reddish juice passes out, carrying it to a fringed body like a mesentery; and it is there the purple juice is brought to perfection; and afterwards goes to a long sac lying under a kind of horny plate, not like the bone of the cuttle-fish, but like the bone of the sepia or little cuttle-fish, which we call le couteau. This bone or horny substance is transparent, and is of a triangular figure, or approaching the form of a bivalve shell. On the right side it is fastened by a strong cartilaginous muscle, which binds it to the body of the animal; and on the left it is open and detached, and easy to be pulled up: then it is easy to see underneath both the mesenteric body, and the tube or reservoir of the purple juice. This bone or horny plate is covered by a loose membrane, which is by no means attached to it, but capable of being filled and inflated with water or wind. The whole is covered with two membranes, which are continuations of the flesh of the fish's body: the membranes are loose, and larger than are necessary to the bone; they are wrinkled or rumpled over one another to cover the whole, and to defend the bone and viscera from all kinds of pressure; but they are ready to stretch from each other, and leave the parts destined for the purple juice uncovered. They begin a little under the neck, and extend in the female animal to the tail, which is flat; and in the male they do not go so low, but end at some distance from the tail. The females are oviparous; for eggs are found in the grand cavity, at the side of the pancreatic body.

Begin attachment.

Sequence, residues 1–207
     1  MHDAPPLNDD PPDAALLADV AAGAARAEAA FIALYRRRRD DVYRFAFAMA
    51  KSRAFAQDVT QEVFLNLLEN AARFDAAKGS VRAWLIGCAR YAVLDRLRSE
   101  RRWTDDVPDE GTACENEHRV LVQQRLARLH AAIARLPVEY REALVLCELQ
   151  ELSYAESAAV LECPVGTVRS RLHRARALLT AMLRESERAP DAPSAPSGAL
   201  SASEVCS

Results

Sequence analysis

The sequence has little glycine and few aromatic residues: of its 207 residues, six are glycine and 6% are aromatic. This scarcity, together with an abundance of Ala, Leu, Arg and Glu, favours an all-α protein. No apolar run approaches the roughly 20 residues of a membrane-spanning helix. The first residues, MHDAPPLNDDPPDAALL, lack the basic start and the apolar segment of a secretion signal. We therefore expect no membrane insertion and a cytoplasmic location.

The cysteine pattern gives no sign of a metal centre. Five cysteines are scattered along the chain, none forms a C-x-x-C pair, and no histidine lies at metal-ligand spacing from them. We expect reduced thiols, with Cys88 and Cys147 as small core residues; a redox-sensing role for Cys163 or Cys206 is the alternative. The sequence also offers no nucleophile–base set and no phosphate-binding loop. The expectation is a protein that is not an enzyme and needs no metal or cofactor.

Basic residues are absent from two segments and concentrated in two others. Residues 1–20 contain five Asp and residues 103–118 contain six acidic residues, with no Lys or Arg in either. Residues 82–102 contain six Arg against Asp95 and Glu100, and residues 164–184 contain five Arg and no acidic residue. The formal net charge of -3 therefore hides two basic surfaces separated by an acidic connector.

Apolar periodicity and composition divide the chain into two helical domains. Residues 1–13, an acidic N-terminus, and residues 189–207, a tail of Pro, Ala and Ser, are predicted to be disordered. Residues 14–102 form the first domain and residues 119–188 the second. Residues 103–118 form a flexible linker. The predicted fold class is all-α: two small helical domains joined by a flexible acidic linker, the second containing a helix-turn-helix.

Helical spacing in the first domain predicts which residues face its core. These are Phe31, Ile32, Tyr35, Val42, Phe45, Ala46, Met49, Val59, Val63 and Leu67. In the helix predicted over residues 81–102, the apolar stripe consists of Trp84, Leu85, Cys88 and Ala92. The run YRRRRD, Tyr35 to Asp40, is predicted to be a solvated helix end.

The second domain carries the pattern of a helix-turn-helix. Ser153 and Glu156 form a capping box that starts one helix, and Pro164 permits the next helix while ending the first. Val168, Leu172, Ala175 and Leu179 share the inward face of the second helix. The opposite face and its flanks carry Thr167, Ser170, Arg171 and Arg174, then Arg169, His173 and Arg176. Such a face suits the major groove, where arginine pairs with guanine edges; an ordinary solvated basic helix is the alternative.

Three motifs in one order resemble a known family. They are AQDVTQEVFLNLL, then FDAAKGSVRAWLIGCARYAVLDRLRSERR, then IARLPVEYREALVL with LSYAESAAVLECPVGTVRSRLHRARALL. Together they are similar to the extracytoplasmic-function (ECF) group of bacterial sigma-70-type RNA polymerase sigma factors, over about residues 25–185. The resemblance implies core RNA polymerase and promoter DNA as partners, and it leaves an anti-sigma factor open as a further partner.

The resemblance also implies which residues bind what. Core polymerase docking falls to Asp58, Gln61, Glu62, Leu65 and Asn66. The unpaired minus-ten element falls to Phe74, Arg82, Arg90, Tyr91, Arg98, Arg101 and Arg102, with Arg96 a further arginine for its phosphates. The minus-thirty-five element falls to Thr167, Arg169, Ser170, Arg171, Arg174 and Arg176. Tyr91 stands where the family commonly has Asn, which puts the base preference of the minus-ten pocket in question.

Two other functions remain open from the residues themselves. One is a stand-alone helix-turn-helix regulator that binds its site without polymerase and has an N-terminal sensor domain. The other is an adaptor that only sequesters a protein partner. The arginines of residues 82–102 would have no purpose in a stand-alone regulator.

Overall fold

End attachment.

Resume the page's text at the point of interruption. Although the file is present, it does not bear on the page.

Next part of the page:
It has already been said, that when the animal is touched he makes himself round, and throws out his purple juice, as the cuttle-fish does his ink. This juice is of a beautiful deep colour: it tinges linen, and the tincture is difficult to get out. It remains at present to try if we can collect a sufficient quantity of this juice, and to find a means of preserving the tincture; which would then be certainly of great value. When the fish is boiled, or put into spirits it shrinks. up, and loses two thirds of its size; because all the water which is in the interstices of the fibres is dissipated, and the dry fibres contract: which clearly appears from dissecting them.

LXXVIII. New Observations on the Worms that form Sponges.* By J. A. Peyssonel, M. D., F.R.S. From the French. p. 590.

The existence of the nests of corallines and lithophyta, and the mechanism of their polypi, made Dr. P. conjecture that it was the same with respect to sponges; that animals nested in the interstices of their fibres, gave them their origin and growth: but he had not yet seen nor discovered the insects, nor observed their work. Sponges appeared only as skeletons: but at length he dis

It is necessary to observe here, that Dr. Peyssonel's notion of the formation of sponges by worms is totally erroneous, and that sponges constitute a peculiar genus of Zoophytes.